Hence, the solution isn’t to gaslight these populations and redirect efforts towards more race-neutral topics. The solution is to aggressively mobilize to protect marginalized “minority” populations, our democratic institutions, and each other. The solution is not to call for thoughts and prayers.
In 2020, nearly 1 in 3 voters identified as something other than white. That number is consistently increasing. Voters of color also predominantly, and understandably, occupy the party that is not affiliated with open white nationalists: the Democratic Party. Pew Research, in June 2021, verified and validated those numbers after every last vote was counted: what we see is that Black voter share for Democrats actually grew from 91 percent to 92 percent between the 2016 presidential election and the 2018 so-called “midterm” elections - and stayed at a steady 92 percent in 2020. Despite the rhetoric arguing Black voters are leaving the party en masse, the number of Black voters has remained consistent across the last three election cycles. We do, however, see Latino/Hispanic voter share for Democrats decline dramatically from 2016 to 2020 …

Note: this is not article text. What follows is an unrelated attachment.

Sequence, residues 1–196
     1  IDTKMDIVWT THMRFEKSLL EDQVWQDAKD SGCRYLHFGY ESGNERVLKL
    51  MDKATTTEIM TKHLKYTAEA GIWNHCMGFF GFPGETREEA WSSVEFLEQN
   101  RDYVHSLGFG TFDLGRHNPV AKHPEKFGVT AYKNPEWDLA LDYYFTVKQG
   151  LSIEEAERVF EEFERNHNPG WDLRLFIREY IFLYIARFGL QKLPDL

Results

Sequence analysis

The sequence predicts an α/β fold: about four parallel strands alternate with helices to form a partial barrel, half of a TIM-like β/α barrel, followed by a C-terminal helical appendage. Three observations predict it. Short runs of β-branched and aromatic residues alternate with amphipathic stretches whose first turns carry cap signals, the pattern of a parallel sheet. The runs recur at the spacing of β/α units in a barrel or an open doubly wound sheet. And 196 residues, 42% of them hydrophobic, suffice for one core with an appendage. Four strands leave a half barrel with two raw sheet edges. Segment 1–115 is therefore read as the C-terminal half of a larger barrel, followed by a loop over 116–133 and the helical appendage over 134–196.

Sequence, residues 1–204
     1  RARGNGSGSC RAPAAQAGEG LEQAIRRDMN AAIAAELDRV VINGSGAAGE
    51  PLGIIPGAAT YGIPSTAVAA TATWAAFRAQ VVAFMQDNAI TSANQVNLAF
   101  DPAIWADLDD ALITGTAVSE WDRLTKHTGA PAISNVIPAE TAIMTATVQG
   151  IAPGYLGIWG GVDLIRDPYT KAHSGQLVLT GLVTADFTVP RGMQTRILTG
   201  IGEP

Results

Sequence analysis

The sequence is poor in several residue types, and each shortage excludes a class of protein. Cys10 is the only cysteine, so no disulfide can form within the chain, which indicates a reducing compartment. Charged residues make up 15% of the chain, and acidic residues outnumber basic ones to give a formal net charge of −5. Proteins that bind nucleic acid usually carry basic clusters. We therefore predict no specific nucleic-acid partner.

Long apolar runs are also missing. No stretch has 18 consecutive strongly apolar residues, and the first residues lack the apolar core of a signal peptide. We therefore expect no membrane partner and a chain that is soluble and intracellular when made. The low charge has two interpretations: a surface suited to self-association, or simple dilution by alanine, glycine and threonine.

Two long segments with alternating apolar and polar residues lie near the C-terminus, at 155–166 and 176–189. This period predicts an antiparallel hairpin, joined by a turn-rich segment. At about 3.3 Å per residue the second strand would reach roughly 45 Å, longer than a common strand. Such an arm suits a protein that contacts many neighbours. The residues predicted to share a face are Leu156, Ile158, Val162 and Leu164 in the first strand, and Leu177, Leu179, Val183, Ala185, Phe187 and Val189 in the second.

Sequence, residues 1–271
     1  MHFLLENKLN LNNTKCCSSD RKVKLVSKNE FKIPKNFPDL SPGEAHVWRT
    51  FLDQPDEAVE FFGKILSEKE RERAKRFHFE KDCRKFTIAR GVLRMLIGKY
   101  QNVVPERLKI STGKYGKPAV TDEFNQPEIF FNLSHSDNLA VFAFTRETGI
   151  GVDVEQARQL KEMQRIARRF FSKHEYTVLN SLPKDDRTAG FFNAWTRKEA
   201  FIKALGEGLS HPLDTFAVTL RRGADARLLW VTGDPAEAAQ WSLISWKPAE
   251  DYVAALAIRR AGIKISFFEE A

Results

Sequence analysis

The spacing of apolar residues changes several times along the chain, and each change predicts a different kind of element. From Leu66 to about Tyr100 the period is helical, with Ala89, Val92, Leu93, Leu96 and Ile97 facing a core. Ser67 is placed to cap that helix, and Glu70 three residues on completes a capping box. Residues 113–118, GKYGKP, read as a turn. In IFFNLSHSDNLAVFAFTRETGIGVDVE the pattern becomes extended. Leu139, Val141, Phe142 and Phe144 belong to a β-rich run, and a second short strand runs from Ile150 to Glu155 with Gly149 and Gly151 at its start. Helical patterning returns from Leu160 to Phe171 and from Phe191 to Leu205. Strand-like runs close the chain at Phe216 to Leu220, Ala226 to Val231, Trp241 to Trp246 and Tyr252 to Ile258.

Do keep in mind that the Latino population is a language bloc, not so much a racial bloc - polls aren’t taking into account that there are a variety of Black or African-descended, Indigenous and also Caucasian/White racial groups (or those who identify as such) within the Latino or Spanish-speaking diaspora. It’s plausible that much of the polling is oversampling that last group. As we see in Pew’s validated numbers, 59 percent of Latino voters supported Biden in 2020. And while this number is 7 points lower than it was in the 2016 election for Democrats, a closer examination will show that this slight change was less the result of Brown flight to the Republican Party, and more the result of geographically applied organizing tactics.